A quadrilemma is a seldom–used and unconventional term describing a problem requiring a choice among four alternatives. It is in contrast to the standard term dilemma, which is between two opposing alternatives in which a person can only choose one. A less common term trilemma involves choosing either one or two choices among three possibilities.
An essay on the subject of health care options suggested that choosing among technological change, insurance, quality of care, and containing costs was a quadrilemma since it required choosing among four alternatives. In another instance, the term appeared in 1861 in The New York Times in an essay regarding the secession of the southern states of the United States, referring to choices available to the south. It was used in 2004 to describe choices available to the nation of Bhutan regarding a decision of whether or not to join the World Trade Organization. The term has been used to describe the premises for arguments concerning the existence of God referring to thinking by the mathematician Blaise Pascal.
- NIALL FERGUSON AND TED FORSTMANN. Back to Basics on Financial Reform: The case for limiting leverage and regulating derivatives is overwhelming, but that doesn't require a new 1,300-page law., The Wall Street Journal, APRIL 23, 2010. Retrieved on 2010-04-25. “A "trilemma" is like a dilemma, only there are three things to choose from and you can have just two. The current debate over post-crisis financial regulation suggests we face such a trilemma: We can choose any two of the following, but not all three: 1) efficient capital markets 2) no bailouts to big banks and 3) a depression-free economy. From the 1980s until 2007, we essentially opted for one and two.”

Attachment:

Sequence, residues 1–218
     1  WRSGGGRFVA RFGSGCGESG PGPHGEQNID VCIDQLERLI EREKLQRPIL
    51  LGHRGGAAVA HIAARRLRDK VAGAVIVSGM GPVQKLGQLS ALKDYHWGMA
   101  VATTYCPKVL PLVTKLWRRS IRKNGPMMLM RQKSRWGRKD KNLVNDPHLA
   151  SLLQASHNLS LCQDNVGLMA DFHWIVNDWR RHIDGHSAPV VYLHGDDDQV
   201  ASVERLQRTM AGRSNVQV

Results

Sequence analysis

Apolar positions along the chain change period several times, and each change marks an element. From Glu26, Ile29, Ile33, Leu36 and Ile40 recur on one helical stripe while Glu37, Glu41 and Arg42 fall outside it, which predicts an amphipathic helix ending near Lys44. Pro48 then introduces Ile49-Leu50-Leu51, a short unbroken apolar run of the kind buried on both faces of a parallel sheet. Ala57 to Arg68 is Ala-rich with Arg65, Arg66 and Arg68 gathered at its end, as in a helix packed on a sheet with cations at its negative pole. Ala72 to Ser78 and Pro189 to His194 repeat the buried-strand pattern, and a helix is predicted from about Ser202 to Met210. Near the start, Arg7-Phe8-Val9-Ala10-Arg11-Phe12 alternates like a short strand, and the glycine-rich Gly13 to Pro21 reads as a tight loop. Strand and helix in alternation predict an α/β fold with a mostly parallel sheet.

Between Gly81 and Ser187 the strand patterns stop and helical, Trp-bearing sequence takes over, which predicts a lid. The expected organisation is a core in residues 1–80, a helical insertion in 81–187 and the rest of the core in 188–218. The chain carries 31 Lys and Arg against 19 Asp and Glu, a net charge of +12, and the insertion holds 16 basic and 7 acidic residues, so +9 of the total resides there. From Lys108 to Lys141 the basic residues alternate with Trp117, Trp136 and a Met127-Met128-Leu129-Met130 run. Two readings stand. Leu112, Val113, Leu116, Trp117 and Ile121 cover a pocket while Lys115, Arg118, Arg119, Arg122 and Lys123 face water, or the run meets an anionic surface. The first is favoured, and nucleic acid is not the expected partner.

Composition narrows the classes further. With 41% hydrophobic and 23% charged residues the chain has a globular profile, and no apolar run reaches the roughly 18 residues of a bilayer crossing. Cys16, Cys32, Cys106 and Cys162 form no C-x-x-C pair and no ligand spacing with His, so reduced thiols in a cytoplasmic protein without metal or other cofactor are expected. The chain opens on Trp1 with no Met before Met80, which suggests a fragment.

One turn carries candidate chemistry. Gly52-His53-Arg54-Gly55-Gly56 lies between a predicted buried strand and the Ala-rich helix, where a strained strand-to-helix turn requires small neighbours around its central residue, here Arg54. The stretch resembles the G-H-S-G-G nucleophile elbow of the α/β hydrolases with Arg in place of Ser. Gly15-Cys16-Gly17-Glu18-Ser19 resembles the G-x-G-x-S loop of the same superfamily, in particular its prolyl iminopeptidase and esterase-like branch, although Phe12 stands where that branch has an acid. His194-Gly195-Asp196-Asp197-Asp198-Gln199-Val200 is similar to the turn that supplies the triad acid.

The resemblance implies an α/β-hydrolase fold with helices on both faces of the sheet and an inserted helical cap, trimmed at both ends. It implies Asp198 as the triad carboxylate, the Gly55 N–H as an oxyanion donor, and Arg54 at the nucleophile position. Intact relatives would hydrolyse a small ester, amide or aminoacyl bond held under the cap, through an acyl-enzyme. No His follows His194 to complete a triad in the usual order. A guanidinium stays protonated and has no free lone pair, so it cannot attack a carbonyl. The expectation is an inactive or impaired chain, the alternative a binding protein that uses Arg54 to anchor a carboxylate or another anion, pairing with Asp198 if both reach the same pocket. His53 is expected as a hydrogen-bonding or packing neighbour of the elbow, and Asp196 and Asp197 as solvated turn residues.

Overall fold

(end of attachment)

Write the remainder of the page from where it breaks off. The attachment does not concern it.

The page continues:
- Weisbrod, Burton A. The Health Care Quadrilemma: An Essay on Technological Change, Insurance, Quality of Care, and Cost Containment, American Economic Association, 1991-06-02. Retrieved on 2010-04-25. “523-52”
- George W. Pasdirtz. Technology and the health care quadrilemma: a test, Health care quadrilemma (HCQ) theory describes the reciprocal relationship between health care technology, health care insurance, quality of care and cost containment. State-space, time series models were developed to investigate these relationships for the US health care system over the period 1950--1999., 2008. Retrieved on 2010-04-25. “17th annual international conference on health sciences simulation (ICHSS'08): Health policy table of contents Pages: 491-496”
- QUADRILEMMA, The New York Times, 1861-07-24. Retrieved on 2010-04-25. “The Confederate States," says the Charleston Mercury, "have had four instrumentalities to win them peace, and the acknowledgment of their independence: 1. Negotiation. 2. Fighting on the sea or privateering. S. Fighting on land. 4. Cotton. Two of these instrumentalities have failed." Such is the "Quadrilateral" on which the rebel States relied for success in their treason, and such the confession of the failure of two of them”
- Mancall, Mark (author); Karma Ura & Karma Galay (editors). Bhutan's Quadrilemma: To Join or Not To Join the WTO, That is the Question, Gross National Happiness and Development - Proceedings of the First International Conference on Operationalization of Gross National Happiness, 2004. Retrieved on 2010-04-25.
- Chris Schroeder. The Abortion Quadrilemma, Chris Schroeder, June 21, 2009. Retrieved on 2010-04-25. “Pascal's Wager: 1) God exists and I believe in Him, 2) God exists and I don't believe in Him 3) God doesn't exist and I believe that he does, 4) God doesn't exist and I don't believe that He does.”